Premature mortality among lone fathers and childless men

Soc Sci Med. 2004 Oct;59(7):1449-59. doi: 10.1016/j.socscimed.2004.01.026.


This study focuses on male family situation and premature mortality. For a total of 682,919 men, we analysed mortality from different causes (1991-2000) among lone fathers, with and without custody of their children, and among childless men, with and without partners. Long-term cohabiting fathers with a child in their household were used as comparison group. We employed data from Swedish censuses, national health-data registers, and a Swedish register containing information about known biological relations between children and parents. We investigated the extent to which different kinds of relations were influenced by varying socioeconomic circumstances between groups, and also processes of health selection. The results suggest that lone non-custodial fathers and lone childless men face the greatest increase in risks, especially from injury and addiction, and also from all-cause mortality and ischaemic heart disease. Being a lone custodial father also entails increased risk, although generally to a much lesser extent, and not for all outcomes. The elevated risks found in all the subgroups considered diminished substantially when proxy variables to control for health-selection effects and socioeconomic circumstances were added to the initial model. Risks fell most in response to introduction of the socioeconomic variables, but health selection also played a major role, mostly in the cases of lone non-custodial fathers and lone childless men. However, even following these adjustments, significant risk increases, although greatly attenuated, remained for all the subgroups.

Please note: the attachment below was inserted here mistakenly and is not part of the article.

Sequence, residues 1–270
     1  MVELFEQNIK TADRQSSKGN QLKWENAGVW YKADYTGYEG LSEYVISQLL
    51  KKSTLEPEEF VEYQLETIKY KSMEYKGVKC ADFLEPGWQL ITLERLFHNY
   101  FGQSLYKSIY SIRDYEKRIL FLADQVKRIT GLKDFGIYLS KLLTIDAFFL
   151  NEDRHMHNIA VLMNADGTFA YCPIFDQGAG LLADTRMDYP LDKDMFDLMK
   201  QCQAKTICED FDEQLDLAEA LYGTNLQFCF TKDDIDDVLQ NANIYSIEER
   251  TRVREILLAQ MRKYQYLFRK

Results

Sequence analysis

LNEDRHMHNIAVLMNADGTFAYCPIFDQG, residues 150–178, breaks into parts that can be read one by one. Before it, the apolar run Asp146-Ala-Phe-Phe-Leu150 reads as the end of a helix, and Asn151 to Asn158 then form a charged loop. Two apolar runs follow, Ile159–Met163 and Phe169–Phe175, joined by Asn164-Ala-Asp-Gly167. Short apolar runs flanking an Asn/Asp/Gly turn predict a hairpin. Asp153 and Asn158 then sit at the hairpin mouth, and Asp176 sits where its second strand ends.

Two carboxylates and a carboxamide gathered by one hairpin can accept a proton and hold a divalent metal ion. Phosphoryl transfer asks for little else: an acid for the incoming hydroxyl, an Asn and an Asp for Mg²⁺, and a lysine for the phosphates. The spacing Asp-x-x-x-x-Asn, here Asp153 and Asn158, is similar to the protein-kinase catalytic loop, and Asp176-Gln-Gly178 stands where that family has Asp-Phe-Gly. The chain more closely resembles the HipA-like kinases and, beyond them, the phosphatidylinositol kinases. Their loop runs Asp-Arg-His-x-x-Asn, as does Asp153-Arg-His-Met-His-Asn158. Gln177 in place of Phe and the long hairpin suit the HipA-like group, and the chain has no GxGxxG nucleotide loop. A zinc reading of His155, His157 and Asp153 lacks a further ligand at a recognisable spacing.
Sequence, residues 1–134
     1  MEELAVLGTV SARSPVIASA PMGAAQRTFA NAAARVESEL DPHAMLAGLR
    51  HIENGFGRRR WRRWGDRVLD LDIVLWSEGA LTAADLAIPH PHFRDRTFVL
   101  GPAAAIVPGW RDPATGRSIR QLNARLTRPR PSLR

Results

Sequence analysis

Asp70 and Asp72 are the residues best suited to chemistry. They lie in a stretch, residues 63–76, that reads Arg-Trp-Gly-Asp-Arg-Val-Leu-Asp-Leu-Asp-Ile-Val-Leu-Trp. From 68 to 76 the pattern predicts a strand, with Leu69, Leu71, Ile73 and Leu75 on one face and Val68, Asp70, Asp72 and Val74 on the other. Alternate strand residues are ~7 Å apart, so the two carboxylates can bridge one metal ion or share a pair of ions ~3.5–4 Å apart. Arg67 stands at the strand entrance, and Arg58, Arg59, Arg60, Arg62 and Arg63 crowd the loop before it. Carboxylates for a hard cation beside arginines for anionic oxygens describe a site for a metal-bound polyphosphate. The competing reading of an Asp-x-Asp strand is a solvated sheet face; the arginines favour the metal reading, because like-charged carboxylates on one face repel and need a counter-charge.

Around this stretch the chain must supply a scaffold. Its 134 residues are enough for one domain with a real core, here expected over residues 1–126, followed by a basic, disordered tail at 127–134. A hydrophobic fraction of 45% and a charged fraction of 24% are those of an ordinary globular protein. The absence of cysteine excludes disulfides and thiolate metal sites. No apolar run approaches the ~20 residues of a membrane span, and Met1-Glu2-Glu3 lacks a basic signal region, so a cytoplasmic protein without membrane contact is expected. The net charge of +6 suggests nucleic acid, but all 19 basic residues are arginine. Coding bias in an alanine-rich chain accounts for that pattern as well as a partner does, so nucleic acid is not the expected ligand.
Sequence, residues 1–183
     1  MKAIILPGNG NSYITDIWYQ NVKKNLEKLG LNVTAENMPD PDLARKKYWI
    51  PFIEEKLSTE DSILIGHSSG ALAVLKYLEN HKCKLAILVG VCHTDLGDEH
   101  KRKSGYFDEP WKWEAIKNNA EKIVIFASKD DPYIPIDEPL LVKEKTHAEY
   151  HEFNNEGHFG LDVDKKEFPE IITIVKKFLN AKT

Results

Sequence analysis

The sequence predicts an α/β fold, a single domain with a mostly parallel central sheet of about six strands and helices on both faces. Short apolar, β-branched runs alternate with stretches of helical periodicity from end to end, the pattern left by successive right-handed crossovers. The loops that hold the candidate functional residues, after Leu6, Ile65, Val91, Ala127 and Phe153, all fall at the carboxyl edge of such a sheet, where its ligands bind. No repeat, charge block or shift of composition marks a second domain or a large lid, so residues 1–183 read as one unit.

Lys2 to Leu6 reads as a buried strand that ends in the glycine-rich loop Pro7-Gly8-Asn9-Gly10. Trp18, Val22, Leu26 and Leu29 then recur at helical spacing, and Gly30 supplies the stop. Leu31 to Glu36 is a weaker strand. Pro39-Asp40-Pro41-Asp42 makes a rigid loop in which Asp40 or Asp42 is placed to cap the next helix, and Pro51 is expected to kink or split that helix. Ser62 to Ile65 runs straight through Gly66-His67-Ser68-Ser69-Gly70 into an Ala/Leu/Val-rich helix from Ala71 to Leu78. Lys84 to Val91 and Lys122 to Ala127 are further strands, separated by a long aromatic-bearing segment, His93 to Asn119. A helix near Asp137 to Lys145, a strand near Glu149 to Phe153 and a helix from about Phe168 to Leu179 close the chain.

MeSH terms

  • Adult
  • Case-Control Studies
  • Fathers / statistics & numerical data*
  • Humans
  • Male
  • Marital Status
  • Middle Aged
  • Mortality*
  • Multivariate Analysis
  • Poisson Distribution
  • Registries
  • Regression Analysis
  • Risk Factors
  • Single Parent / statistics & numerical data*
  • Sweden / epidemiology